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Which General had the Biggest Ego?

Discussion in 'Civil War History - General Discussion' started by OldBrainsHalleck, Mar 17, 2017.

  1. OldBrainsHalleck

    OldBrainsHalleck Private

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    We all know that many officers in the Civil War worried greatly about their reputations and this often caused them to make poor choices, some of which would have drastic effects in the field. But which officer had the biggest ego out of all of them?

    For me, it would have to be George B. McClellan.
     

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  3. Burning Billy

    Burning Billy Sergeant

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  4. OldBrainsHalleck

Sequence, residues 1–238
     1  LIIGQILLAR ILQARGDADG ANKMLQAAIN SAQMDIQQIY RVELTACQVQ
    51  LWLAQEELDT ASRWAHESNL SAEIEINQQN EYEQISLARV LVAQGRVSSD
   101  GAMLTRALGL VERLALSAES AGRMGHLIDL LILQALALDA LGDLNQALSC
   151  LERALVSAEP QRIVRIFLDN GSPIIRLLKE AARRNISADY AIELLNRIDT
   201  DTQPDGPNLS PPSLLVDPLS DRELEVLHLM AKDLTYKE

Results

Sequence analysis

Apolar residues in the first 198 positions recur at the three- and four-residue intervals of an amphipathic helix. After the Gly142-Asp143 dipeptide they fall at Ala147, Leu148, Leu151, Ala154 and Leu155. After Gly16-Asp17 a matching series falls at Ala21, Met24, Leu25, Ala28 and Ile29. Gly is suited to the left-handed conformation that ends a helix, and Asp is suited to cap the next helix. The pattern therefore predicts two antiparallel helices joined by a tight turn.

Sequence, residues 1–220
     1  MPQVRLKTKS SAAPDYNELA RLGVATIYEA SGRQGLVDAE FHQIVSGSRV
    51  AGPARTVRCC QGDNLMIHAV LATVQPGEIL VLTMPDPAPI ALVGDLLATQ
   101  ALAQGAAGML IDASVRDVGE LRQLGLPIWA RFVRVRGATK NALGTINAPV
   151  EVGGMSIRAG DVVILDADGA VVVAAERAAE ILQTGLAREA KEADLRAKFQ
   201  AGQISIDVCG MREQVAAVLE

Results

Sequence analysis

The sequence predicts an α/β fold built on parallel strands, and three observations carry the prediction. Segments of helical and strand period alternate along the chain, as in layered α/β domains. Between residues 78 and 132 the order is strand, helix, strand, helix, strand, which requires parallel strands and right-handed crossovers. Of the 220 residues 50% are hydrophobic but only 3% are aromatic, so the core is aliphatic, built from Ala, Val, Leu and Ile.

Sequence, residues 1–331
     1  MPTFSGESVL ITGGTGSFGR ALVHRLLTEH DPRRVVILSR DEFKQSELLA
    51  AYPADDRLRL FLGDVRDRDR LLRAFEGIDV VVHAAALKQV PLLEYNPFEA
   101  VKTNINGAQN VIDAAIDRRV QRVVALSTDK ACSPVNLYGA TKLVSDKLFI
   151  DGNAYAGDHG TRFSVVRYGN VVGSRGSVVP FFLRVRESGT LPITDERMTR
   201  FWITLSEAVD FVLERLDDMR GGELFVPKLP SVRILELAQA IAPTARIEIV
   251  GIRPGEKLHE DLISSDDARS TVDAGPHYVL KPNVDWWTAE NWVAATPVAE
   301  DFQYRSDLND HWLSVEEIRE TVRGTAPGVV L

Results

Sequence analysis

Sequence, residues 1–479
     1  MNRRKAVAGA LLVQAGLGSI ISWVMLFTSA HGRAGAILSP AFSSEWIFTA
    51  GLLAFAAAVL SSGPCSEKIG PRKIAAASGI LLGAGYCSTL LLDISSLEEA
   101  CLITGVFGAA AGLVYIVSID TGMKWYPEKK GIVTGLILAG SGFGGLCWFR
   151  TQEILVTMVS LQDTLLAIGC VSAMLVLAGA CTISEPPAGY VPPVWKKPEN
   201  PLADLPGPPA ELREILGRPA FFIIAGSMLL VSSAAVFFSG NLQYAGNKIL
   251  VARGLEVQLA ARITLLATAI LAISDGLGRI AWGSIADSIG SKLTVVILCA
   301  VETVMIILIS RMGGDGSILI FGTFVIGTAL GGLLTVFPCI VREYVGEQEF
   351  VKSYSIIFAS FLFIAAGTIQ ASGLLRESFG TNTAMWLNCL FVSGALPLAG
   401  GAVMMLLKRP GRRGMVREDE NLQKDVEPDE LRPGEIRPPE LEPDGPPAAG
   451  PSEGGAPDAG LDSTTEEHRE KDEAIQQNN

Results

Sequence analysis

OldBrainsHalleck Private

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    Ah yes. Old Dirty Dan.
     
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  5. Bruce Vail

    Bruce Vail 2nd Lieutenant

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    There were so many prima donnas and ego maniacs in the senior officer corps on both sides that it is hard to single out just one.

    Joseph Johnston? Fitz John Porter?
     
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  6. OldBrainsHalleck

    OldBrainsHalleck Private

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    What about Braxton Bragg, or Jubal Early?
     
    Last edited: Mar 17, 2017
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  7. highplainsdrifter59

    highplainsdrifter59 Sergeant

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    McClellen, just ask him (well... if you could) he will tell you how great he was.
     
  8. 67th Tigers

    67th Tigers Sergeant Major

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    Kearny clearly had narcissistic personality disorder.
     
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  9. diane

    diane Brev. Brig. Gen'l Forum Host